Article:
In an op-ed published by The San Diego Union-Tribune, Christopher Van Gorder, CEO of Scripps Health, shares an opinion piece addressing the bottleneck throughout the healthcare system caused by the lack of behavioral health beds. 

We have many patients who have been in our hospitals more than 500 days because they have nowhere else to go. Our longest-term patient has been here for two and a half years. They are on a five-year waitlist for the state psychiatric hospital, but open beds for transfers are extremely rare, with priority given to state criminal patients over those at hospitals,” Van Gorder states.

The opinion piece discusses the challenges faced by hospitals like Scripps Health due to patients with severe behavioral health diagnoses who remain in acute care beds for extended periods due to the lack of appropriate facilities for their care. 

Van Gorder expresses his opposition to Assembly Bill 40, which proposes a statewide patient offload standard for ambulances, arguing that it would exacerbate existing bottlenecks and fail to address the root causes of the problem. 

The article highlights the financial strain on healthcare providers caused by avoidable bed days and the shortage of inpatient behavioral health beds, staffing issues, and low Medi-Cal reimbursements. The author calls for a comprehensive solution to the problem rather than punitive legislation that would burden hospitals further.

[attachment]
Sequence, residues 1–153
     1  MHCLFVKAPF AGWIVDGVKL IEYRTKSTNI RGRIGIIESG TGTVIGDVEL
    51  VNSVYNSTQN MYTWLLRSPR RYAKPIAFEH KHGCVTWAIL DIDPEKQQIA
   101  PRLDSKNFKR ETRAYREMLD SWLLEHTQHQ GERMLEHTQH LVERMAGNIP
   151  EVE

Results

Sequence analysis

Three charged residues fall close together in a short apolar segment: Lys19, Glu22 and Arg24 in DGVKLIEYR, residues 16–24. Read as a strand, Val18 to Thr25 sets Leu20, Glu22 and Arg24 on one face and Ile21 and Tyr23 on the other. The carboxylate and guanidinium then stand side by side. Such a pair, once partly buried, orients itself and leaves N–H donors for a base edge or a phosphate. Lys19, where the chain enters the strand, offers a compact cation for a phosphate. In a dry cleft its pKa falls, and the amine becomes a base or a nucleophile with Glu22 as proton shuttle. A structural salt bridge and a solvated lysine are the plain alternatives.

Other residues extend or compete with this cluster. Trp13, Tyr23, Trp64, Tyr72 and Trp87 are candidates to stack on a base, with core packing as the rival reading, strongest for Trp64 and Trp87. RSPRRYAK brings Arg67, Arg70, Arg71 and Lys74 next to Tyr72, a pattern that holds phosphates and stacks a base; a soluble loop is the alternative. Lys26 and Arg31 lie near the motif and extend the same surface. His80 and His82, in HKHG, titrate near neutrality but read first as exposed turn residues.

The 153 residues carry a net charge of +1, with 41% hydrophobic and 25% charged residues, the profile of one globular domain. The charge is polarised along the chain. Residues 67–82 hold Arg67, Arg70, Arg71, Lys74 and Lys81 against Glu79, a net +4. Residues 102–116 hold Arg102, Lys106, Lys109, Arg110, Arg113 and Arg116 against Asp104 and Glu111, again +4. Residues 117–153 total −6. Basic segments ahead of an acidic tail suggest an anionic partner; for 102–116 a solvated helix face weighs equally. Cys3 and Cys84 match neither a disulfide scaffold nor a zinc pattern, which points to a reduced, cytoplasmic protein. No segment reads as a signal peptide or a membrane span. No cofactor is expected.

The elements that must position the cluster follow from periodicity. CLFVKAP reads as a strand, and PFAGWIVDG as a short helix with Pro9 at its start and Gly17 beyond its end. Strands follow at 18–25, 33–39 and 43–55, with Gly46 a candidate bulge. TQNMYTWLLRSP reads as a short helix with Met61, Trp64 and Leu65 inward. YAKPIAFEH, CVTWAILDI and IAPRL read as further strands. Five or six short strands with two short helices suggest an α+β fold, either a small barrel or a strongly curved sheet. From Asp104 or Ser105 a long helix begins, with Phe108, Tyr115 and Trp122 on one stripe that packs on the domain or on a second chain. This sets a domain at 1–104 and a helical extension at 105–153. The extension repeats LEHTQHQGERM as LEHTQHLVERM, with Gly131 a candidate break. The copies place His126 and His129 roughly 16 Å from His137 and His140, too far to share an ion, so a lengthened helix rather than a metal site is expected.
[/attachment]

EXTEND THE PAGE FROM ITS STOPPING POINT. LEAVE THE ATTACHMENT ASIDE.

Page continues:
“There are several reasons these patients have nowhere to go. We have about 823 inpatient behavioral health beds in this region, less than half the 1,660 needed. Many step-down health care providers — including skilled nursing facilities and others — are struggling with staffing shortages,” the article details. “And many facilities will not take patients with Medi-Cal because reimbursement falls so short of covering the cost of these patients’ care. Hospitals have not received an increase in Medi-Cal base rate reimbursements in 10 years. But hospitals are legally required — and morally obligated — to take any patient who comes into our emergency departments. So, as we experience with our patients who have been here year in and year out, with no one else willing or able to take them, they stay.”

“This is an untenable problem that must be fixed. Enacting laws that punish hospitals for a situation not of their making will just make things worse,” he concludes.

Read the full article Here.